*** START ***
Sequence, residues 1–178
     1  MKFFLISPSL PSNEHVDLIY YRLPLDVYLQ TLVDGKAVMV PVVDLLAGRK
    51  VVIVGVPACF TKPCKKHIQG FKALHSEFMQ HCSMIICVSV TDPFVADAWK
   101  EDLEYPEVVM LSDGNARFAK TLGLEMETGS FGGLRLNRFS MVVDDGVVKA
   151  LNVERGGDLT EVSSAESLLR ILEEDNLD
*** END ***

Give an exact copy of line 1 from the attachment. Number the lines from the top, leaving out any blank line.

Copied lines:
Sequence, residues 1–178